Author: Elizabeth Bear
Year: 2008
Publisher: Roc
Reviewer: Kevin Riggle

Elizabeth Bear's THE STRATFORD MAN is one story contained in two volumes, respectively titled INK AND STEEL and HELL AND EARTH, set in Elizabethan England. It is part of her Promethean Age series concerning the battle of the human Prometheus Club against the forces of Faerie, and the prequel to her modern BLOOD AND IRON / WHISKEY AND WATER duology. I really quite enjoyed it, though it took me a couple months to read, mostly because of the distraction of school, so I did have to spend some time refreshing my memory which titles (Earl Foo, Duke Bar) went to which characters whenever I picked the books up after a week or two's hiatus, and the bulk of the reading happened over Thanksgiving and Christmas vacations. Thankfully Bear has, as she says in her afterword, "tried to limit courtesy titles to one per customer, for clarity," so I actually stood a chance of regaining the thread of the plot with relatively little re-reading. That said, I advise blocking out some time in which to read these, because they're books like a good meal, and reward the time spent to savor them.

But I get ahead of myself. The books concern the adventures of one Christopher Marlowe, playmaker and spy for Her Majesty Queen Elizabeth, saved from death at the hands of some rather disreputable associates by the Fae for their own purposes, and his replacement in our iron world, one William Shakespeare, who finds himself quickly sucked into the machinations, mundane and other-worldly, surrrounding keeping (or not-keeping) Queen Elizabeth on the throne. The focus of the books is not on the magic involved ("All stories," Bear tells us, "are true," but beyond that the details of how magic works in her world are not ever really specified), but instead on the relationships between the characters and how their efforts, magical and otherwise, to support the Queen's rule affect their lives and interactions. Ultimately Marlowe discovers that he has been made the linch-pin in his enemies' plot to destroy the English monarchy (which sustains and is sustained by the Faerie Queen's rule), and he must decide how much he is willing to sacrifice to his Queens' cause.

Marlowe is an interesting character, with many lovers and many scrapes, and his emotional journey is the core of the story. (Bear continues to write the only sympathetic bisexual male characters I'm aware of in dead-tree fiction (excluding for a moment TORCHWOOD novelizations, none of which I've read), and she writes them very well.) Shakespeare is no less well-developed a character, though, and his friendship with Marlowe and his relationship with his wife Anne are rich and detailed. Bear has a knack for the telling detail, and I found myself rereading whole pages a couple times to make sure I caught everything. Oftentimes her characters expose their feelings through subtle gestures, nods and half-smiles and almost-unconscious flinches, which she manages to capture without bogging the story down, showing rather than telling, and this gives her worlds and characters a sense of living, breathing reality that I really enjoy. Often the characters' subtle behaviors will foreshadow by many chapters their admittance of and in some cases their recognition of their feelings, if they are explicitly revealed at all, or some mythical reference is made early in the book which becomes important late in the book, and for me part of the "game" of Bear's books is catching those cues, making the symbolic connections, and watching them develop over the course of the story. And though I focus on the character development, there's no shortage of sword-fighting, romance, intrigue, and derring-do in the books to keep the plot ticking alone.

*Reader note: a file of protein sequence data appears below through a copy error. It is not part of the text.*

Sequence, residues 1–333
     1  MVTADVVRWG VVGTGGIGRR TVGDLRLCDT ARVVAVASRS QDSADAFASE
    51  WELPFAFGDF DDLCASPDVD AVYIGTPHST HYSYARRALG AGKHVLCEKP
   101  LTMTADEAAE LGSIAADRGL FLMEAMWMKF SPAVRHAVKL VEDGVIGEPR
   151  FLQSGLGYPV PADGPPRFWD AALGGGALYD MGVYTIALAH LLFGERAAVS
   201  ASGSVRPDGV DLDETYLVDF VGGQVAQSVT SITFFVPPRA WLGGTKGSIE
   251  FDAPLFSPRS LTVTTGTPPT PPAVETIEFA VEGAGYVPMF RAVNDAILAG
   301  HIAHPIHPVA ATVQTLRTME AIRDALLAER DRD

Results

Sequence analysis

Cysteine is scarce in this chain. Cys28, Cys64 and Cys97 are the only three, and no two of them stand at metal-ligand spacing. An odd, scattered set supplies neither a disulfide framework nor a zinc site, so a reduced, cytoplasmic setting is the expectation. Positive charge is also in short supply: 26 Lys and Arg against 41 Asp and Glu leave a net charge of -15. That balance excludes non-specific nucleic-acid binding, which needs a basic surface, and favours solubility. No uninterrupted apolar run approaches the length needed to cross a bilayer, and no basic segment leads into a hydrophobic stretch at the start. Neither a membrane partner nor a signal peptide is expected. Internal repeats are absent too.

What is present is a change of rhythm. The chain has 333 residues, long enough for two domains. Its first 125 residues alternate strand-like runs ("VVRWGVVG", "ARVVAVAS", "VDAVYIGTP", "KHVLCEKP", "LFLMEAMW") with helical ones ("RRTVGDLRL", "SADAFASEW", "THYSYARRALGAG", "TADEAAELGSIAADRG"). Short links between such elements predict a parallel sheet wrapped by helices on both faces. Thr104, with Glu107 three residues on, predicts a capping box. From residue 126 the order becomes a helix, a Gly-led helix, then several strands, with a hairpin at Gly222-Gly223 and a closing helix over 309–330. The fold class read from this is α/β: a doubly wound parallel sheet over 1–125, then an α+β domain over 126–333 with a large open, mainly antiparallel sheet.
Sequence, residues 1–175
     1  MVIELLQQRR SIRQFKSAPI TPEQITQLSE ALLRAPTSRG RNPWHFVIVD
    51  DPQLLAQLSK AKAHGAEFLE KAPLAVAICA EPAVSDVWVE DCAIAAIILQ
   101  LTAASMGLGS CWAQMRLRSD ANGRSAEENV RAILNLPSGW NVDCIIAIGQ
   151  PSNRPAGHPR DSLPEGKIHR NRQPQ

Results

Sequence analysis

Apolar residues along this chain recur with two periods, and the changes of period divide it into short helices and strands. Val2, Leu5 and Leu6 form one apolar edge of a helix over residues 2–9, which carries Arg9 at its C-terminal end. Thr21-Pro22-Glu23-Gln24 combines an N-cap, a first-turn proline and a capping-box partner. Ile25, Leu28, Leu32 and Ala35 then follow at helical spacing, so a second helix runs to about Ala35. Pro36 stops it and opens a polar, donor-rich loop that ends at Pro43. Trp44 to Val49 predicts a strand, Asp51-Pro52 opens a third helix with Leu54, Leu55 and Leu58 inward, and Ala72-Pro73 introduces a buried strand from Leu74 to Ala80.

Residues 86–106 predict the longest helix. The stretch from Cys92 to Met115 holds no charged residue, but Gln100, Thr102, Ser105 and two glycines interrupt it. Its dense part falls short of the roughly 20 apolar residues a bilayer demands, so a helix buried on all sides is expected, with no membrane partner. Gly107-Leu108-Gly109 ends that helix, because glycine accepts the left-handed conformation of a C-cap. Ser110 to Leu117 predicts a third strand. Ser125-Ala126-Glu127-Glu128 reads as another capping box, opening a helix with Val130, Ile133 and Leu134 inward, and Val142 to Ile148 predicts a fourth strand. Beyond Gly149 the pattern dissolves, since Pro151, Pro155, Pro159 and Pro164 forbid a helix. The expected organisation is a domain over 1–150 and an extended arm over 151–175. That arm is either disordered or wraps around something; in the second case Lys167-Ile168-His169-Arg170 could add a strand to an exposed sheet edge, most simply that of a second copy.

Elizabethan England feels (to this reader) faithfully rendered without obscuring the story in a cloud of perfectly accurate "prithee's" and "Godswot's". (Bear in her afterword calls this "nature-identical Elizabethan flavoring," and it serves her purpose to evoke the era.) She does preserve a couple linguistic oddities of the era, primarily the breaking-down of the distinction between the formal "you" and the informal "thou", to interesting and character-building effect. It's clearly a well-researched book, but it doesn't assault the reader with the results of that research — I found it in fact whetted my appetite for more historical understanding of the period and experience of the plays referenced.

I really highly enjoyed THE STRATFORD MAN, and I recommend it if you are at all interested in Elizabethan England, historical fantasy, secret history, or well-built worlds and well-characterized people.